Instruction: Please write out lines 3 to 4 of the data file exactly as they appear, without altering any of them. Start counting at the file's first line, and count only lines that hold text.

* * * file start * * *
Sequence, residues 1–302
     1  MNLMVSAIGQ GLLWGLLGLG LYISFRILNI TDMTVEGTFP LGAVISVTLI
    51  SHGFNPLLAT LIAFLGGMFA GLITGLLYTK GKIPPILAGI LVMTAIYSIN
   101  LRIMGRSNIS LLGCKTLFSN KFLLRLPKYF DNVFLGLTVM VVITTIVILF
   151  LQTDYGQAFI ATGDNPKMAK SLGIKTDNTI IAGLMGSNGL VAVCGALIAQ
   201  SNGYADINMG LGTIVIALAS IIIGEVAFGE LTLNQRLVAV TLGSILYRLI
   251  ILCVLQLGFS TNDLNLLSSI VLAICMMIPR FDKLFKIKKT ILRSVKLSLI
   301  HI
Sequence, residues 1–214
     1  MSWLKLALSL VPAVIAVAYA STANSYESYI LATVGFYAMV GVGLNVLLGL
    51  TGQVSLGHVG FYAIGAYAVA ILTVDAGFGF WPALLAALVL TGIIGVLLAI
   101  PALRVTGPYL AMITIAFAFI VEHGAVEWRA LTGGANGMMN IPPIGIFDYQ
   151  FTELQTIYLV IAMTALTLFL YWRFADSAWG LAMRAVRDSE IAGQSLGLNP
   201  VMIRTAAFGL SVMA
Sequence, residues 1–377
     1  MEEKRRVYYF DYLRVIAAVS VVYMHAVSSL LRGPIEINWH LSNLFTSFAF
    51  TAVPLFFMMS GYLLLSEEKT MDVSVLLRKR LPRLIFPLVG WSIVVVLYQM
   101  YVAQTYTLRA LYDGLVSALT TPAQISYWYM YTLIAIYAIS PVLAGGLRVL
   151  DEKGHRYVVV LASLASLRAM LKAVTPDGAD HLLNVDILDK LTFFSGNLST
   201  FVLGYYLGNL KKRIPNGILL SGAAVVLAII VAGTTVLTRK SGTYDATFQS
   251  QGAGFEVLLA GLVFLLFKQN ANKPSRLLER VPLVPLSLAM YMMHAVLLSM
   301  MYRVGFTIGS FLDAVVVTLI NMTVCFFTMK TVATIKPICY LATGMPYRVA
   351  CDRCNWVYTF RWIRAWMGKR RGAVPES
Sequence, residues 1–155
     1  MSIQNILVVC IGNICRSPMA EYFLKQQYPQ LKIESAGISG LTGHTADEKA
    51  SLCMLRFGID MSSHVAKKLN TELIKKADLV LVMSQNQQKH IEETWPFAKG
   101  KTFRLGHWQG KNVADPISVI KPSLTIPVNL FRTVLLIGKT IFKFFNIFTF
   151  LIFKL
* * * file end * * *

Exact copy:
    51  SHGFNPLLAT LIAFLGGMFA GLITGLLYTK GKIPPILAGI LVMTAIYSIN
   101  LRIMGRSNIS LLGCKTLFSN KFLLRLPKYF DNVFLGLTVM VVITTIVILF